Crush The Speed


Moscow saw road traffic accidents resulting in 258,618 injuries and 27,991 deaths in 2012 alone. The situation is similar in many big cities around the world, and violation of the speed limit is a major contributor to these statistics.


How we could stop the car madness? Warning signs, speed bumps and even wreaths by the roadside do not work and the number of accidents continues to grow… But, there is something that always attracts drivers’ attention and forces them to slow down. Smashed cars. Project An online platform where people can stand up to the boy racers. Select the location where you want to place our “warning sign” – a written-off car. Crushed cars will prevent new accidents. By reducing the drivers’ speed we will reduce the number of accidents and emergency situations.The campaign takes cars that have been totalled in previous accidents and places them along the roadside. What makes this effort truly unique is that by logging on to social networks and the ‘Crush The Speed’ website, the public can view Google Maps and vote to determine the location of where the next wreck should be placed. The temptation to look at the aftermath of a car crash on the road is strong and this is a powerful way to promote road safety online and on the roads. How does it work? Options at the top of the page let users select the most popular spots, all spots or place a car, with choices to use Facebook and Twitter to publicise their pin drop. Anyone who might have crashed their own vehicle is encouraged to donate it to the project, rather than sell it for parts. They can do so by getting in touch on Facebook or Twitter.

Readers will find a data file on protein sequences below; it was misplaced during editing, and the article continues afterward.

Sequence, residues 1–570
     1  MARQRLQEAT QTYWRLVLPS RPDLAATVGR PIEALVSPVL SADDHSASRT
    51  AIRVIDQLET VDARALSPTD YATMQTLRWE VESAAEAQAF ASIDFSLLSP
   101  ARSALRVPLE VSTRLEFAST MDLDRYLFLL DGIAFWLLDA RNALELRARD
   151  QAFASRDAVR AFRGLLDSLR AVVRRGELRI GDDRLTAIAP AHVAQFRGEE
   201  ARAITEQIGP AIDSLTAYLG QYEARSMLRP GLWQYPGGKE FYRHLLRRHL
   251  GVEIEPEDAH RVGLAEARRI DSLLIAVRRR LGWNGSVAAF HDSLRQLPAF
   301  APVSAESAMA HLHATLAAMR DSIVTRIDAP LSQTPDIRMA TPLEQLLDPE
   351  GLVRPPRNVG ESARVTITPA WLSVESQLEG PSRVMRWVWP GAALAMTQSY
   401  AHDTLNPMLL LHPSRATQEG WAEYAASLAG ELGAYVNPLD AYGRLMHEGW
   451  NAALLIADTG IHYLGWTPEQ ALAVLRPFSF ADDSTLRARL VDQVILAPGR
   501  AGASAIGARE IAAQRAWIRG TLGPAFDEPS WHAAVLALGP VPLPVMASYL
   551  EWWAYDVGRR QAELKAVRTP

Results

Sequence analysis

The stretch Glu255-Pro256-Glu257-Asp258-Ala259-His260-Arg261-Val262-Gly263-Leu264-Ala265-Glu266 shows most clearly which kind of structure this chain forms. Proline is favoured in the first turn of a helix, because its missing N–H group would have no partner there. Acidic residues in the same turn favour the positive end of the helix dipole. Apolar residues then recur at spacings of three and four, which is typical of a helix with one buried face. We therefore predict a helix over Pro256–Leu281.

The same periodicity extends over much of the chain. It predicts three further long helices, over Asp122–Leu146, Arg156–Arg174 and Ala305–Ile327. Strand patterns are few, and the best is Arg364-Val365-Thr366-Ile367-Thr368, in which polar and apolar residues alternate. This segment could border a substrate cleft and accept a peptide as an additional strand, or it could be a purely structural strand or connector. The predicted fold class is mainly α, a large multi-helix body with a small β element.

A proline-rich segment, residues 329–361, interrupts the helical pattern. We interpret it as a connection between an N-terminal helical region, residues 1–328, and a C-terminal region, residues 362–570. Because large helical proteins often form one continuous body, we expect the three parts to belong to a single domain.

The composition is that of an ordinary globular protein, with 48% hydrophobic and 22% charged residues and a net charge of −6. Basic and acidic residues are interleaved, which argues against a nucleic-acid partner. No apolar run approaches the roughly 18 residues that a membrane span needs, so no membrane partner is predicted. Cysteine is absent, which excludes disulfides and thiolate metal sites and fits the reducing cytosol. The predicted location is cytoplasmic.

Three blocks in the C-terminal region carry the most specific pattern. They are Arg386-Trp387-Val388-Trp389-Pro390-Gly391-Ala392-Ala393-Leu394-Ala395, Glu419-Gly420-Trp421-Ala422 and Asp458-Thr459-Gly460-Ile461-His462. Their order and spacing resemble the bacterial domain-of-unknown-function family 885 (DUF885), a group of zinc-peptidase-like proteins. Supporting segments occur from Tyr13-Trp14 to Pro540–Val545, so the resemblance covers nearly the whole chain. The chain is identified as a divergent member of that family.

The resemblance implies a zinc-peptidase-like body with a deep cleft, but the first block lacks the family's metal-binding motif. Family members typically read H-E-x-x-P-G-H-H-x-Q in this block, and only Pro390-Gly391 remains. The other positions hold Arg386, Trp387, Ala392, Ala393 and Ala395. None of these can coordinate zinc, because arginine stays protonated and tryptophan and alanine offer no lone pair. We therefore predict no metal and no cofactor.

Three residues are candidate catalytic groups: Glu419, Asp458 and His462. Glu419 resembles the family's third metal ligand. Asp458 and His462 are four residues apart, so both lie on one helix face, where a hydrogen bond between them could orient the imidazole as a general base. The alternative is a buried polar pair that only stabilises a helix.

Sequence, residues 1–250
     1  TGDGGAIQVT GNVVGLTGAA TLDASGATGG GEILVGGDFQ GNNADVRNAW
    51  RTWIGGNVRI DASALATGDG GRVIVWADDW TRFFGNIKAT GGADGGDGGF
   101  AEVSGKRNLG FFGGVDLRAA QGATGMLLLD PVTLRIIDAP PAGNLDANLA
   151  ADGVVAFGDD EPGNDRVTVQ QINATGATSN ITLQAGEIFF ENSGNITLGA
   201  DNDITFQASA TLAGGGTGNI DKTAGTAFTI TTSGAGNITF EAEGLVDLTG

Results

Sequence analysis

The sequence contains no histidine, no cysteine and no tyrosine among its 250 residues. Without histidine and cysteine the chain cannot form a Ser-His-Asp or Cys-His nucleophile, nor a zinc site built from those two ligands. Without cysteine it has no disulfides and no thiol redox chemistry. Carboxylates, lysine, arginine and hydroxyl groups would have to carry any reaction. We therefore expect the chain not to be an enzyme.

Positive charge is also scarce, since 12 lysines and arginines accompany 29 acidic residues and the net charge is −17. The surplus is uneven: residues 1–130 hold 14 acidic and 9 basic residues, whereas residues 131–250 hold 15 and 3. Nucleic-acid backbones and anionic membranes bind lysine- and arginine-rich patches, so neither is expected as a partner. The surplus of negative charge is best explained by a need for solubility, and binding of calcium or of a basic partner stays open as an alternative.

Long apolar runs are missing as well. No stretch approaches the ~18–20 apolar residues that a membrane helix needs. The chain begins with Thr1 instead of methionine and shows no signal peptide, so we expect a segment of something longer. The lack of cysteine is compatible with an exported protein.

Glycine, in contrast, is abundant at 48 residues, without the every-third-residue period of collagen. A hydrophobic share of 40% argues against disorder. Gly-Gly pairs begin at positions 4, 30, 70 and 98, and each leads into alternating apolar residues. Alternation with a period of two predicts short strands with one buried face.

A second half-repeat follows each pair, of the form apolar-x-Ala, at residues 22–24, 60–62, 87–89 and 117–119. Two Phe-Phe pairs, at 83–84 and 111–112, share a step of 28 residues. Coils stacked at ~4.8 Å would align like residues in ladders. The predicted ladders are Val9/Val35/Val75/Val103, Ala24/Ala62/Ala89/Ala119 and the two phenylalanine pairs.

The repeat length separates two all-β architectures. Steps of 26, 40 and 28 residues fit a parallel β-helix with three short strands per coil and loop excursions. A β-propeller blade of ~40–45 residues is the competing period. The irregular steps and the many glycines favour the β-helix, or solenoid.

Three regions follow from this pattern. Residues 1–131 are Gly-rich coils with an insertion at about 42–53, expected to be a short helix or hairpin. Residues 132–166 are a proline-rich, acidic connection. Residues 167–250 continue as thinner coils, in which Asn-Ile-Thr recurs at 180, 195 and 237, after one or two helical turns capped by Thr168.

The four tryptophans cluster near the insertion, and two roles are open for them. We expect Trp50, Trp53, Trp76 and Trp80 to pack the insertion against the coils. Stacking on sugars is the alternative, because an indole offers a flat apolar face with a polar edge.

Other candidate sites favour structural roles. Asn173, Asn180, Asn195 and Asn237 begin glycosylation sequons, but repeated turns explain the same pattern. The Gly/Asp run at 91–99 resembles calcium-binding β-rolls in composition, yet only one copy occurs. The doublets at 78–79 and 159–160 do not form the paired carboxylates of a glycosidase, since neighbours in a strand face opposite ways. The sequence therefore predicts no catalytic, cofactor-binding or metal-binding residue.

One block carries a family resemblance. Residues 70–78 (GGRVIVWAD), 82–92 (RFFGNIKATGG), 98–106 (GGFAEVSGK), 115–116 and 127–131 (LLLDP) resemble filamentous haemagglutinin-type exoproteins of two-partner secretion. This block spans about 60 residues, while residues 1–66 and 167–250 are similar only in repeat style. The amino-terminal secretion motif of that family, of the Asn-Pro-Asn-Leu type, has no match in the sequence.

-100 mentions in global media (during launch week)
-3m people have learned about the project
-Dozens of new cities want to participate (Madrid, Rio de Janeiro, Novosibirsk, Saint Petersburg, Yekaterinburg)

Awards (6)



Hungry Boys
  • Creative Director Vlad Sitnikov
  • Copywriter Arthur Mirochnichenko
  • Motion Design Max Malakhov
  • Producer Viktor Kozlov
  • Designer Ilya Shakirov
  • Programmer Anton Perepilicin
  • Director of the Department of Marketing Communications Svetlana Beri